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It Has Nothing To Do With Age provides self-help principles. The inspirational stories give concrete illustrations of overcoming many of life's challenges. Difficulties pertaining to depression, grief, divorce, and death are presented and worked through by the participants. Physical impairments, injuries, overcoming issues with weight, alcohol, and nicotine are also dealt with and resolved by the athletes.

This book provides a model on how to overcome some of the difficulties that confront all of us . Further, this read sheds a beacon of light on preventive measures for good physical and mental health. Research demonstrates that exercise is an important component in treating such ailments and debilitating illness such as depression, stroke, heart disease, brain or cognitive malfunction,and Alzheimer's disease.

I suggest that proper exercise can be used as a preventive measure for psychological, cognitive, and physical health as well. Follow my prescription and lead a better, more fulfilling, and healthier life.

Monday, May 5, 2014

Making Behavorial Changes

We have to fight them daily, like fleas, those many small worries about the morrow, for they sap our energies."
– Etty Hillesum

For those of you that are aging, a recent study of 46 adults ages 63 to 85, found that as mood improves, so does the decision-making process. And some suggestions were found In the Blue Shield of California Better Living Newsletter-spring/summer 2014. Aside from performing regular exercise, sleeping and eating well, consider the following: 1. Wake up to bright sunlight by leaving your curtains and blinds open or using fluorescent bulbs 2. Smile-we all know how to do that 3. Be creative-painting or writing in a journal 4. Paint  verdant hues in your rooms 5. Sing a song 6. Eat dark chocolate and 7. Be around people that are upbeat and positive.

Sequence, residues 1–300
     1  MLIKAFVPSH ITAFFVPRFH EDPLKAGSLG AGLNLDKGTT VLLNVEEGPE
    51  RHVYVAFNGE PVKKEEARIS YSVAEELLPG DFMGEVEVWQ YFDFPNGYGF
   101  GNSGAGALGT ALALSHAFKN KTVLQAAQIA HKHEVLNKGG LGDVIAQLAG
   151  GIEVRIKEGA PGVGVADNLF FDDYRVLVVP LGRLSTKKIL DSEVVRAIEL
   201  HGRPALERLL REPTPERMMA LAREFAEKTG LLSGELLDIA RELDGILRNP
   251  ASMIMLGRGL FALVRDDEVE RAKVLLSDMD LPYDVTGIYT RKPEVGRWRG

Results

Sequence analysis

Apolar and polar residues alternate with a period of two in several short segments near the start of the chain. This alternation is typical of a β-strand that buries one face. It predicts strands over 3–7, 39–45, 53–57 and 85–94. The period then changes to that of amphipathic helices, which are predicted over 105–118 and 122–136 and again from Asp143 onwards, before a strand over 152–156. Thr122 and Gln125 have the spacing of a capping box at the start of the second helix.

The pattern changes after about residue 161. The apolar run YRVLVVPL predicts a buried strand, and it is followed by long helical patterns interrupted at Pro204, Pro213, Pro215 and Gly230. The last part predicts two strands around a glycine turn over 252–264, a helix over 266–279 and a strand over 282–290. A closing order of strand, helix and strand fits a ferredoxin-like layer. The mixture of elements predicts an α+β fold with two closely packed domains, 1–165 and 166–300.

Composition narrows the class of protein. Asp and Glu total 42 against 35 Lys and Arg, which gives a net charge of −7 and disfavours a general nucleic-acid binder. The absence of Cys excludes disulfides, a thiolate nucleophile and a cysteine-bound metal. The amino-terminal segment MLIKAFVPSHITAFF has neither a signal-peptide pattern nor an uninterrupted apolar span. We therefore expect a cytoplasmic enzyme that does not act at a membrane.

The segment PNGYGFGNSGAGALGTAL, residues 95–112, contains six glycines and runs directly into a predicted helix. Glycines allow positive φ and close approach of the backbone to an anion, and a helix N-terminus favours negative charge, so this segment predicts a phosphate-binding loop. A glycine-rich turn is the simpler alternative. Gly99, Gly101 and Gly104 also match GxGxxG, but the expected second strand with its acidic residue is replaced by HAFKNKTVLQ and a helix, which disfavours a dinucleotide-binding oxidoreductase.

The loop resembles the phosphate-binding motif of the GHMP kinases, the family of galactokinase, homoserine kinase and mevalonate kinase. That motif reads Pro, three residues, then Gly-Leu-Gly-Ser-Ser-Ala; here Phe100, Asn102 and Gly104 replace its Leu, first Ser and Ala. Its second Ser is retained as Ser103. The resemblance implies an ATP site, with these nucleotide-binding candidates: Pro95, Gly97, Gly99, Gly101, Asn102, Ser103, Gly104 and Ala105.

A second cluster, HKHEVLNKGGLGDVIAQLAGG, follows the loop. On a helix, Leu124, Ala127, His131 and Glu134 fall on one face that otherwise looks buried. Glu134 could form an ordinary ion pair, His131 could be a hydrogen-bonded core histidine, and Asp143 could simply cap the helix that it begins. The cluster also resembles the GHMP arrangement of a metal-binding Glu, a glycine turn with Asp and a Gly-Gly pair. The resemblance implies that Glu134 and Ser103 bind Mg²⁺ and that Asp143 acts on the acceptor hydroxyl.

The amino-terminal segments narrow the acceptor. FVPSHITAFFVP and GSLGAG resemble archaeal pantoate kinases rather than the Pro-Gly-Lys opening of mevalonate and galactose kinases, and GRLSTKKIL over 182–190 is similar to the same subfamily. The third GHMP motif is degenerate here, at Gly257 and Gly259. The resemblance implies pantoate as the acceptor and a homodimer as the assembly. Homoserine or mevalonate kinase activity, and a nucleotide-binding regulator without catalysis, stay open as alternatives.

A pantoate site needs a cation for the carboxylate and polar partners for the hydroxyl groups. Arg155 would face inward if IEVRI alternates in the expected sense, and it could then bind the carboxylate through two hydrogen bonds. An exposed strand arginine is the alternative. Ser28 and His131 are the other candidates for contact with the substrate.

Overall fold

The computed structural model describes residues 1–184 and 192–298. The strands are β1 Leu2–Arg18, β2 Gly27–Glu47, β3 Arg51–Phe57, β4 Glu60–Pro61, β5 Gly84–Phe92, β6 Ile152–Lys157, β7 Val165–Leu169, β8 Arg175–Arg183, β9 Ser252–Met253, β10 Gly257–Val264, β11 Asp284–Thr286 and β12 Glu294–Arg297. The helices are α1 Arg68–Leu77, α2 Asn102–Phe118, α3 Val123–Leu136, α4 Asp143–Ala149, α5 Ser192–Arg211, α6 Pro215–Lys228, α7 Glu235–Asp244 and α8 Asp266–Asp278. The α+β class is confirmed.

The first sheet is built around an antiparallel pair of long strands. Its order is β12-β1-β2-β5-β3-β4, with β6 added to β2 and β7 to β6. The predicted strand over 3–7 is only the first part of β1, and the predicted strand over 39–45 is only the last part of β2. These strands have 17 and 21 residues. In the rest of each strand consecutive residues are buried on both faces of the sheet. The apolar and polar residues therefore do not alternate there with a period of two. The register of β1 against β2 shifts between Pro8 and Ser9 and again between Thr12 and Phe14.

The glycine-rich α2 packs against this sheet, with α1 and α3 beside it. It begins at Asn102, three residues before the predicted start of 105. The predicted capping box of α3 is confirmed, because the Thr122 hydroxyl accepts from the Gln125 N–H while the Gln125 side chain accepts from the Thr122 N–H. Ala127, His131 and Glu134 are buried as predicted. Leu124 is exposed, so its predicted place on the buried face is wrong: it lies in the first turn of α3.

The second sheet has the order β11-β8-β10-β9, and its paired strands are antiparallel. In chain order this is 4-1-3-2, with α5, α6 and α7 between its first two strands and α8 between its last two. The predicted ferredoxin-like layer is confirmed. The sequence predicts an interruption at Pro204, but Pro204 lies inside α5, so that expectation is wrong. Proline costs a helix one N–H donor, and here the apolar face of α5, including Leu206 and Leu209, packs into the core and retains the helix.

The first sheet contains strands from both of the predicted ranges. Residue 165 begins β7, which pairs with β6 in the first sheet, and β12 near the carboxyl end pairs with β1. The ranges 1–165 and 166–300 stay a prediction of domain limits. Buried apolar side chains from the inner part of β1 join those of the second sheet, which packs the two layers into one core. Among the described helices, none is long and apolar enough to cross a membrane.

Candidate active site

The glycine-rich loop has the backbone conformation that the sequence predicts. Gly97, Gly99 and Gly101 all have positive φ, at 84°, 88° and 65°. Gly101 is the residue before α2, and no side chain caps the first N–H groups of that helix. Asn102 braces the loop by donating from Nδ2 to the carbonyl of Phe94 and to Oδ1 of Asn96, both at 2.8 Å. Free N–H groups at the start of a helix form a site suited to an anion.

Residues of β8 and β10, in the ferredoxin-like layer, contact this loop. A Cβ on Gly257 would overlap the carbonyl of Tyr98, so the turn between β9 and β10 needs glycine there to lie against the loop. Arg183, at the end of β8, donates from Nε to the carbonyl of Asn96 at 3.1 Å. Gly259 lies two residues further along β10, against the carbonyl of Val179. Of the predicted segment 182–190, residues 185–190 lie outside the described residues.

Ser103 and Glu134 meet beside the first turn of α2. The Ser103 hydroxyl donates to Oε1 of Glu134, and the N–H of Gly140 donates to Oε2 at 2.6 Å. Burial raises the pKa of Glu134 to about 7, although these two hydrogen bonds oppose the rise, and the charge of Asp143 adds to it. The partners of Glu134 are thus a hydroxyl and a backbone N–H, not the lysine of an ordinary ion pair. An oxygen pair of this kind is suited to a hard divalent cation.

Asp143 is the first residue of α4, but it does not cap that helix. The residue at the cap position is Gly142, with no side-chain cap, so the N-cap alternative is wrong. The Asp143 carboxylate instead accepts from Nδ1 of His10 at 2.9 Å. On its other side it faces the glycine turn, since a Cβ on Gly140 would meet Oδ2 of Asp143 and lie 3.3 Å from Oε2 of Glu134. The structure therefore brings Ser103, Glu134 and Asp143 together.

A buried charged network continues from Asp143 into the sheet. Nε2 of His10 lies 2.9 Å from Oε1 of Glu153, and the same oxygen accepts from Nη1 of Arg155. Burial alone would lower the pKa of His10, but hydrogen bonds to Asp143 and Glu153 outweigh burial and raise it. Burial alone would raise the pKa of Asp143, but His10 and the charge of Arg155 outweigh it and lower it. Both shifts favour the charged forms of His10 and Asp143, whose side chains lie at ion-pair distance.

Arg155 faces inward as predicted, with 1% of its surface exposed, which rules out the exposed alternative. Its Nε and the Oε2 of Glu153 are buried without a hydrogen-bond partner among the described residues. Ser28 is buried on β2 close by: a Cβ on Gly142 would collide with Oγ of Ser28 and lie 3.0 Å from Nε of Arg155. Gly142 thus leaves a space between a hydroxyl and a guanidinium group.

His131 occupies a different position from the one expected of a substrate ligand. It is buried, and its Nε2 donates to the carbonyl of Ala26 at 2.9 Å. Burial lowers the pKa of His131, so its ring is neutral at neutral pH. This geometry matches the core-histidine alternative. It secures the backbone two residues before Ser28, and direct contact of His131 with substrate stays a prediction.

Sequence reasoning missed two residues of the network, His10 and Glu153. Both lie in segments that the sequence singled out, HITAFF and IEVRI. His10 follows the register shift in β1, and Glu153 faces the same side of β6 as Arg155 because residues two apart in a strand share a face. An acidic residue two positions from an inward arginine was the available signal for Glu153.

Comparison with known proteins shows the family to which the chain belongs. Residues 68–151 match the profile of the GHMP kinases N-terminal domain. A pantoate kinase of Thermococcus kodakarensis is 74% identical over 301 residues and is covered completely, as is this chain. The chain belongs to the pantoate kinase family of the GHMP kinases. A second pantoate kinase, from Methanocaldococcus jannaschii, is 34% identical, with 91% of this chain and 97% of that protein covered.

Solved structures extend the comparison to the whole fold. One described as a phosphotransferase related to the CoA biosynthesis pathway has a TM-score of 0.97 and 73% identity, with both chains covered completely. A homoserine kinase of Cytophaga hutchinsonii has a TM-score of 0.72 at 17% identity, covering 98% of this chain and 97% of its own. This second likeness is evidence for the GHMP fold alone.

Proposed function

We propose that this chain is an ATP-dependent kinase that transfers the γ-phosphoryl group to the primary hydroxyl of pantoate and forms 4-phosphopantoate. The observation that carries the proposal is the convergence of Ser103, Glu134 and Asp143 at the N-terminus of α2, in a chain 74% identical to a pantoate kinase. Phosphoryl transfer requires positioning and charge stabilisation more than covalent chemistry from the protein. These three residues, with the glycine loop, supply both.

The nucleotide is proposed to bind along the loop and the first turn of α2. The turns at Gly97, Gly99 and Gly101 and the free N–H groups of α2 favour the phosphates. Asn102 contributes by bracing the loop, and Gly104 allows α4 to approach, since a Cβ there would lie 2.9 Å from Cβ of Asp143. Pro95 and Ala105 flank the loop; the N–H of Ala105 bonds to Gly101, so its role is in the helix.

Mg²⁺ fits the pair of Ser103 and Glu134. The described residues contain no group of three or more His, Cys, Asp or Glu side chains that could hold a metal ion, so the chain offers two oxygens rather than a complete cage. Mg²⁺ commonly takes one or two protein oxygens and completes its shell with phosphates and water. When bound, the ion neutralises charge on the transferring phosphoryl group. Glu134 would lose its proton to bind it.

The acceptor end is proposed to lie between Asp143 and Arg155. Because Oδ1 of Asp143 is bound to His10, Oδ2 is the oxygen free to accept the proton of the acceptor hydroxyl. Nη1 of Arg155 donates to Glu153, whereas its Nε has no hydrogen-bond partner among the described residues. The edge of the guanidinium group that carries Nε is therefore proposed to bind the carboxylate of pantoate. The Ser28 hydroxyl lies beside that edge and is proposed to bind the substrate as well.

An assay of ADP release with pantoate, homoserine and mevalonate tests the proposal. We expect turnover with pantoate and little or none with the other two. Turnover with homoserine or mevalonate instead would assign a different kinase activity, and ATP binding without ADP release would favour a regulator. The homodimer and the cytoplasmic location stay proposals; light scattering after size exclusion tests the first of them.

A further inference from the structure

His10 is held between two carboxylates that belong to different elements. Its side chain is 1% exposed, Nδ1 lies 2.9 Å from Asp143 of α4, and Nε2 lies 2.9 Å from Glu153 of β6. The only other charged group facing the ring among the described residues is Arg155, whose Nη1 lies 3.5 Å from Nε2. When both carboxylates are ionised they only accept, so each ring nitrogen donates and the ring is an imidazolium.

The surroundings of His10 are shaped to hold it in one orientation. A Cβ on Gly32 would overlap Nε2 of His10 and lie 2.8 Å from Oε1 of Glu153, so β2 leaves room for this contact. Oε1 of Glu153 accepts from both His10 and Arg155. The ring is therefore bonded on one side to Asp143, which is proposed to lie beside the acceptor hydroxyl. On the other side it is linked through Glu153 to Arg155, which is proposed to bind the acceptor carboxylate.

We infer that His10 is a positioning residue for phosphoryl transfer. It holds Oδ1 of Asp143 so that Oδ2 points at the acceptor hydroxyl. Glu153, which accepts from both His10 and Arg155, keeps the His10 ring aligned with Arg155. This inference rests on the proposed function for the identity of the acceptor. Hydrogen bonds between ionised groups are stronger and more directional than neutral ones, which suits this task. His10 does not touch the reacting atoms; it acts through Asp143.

None of these suggestions are difficult to do or are they? It seems to me that regular exercise, sleeping, eating and being around smiling, happy people might be hard to accomplish, especially if you’re in your 60s. Likely, making major behavioral changes are not easy as many people are set in their ways. We all know there many excuses that get in the way of exercise like arthritis, bad knees, bad hips, being overweight, etc. Also, sleeping, and eating well can be problems, especially if one drinks alcohol a lot. How many people want to give up drinking alcohol? We know that alcohol affects one’s ability to sleep.
The major problem in making changes is the person’s personality. Likely, how an individual thinks (which is part of personality) is a major culprit. A general list of things to do is certainly not the answer. One question to ask is simply “what gets in the way of your making consistent beneficial health changes?” That question might be a good place to start for those that want to make behavioral changes.

Keep moving-put one step in front of the other, smiling, laughing, bonding, loving and appreciating. If you don’t know how, find someone to teach you.


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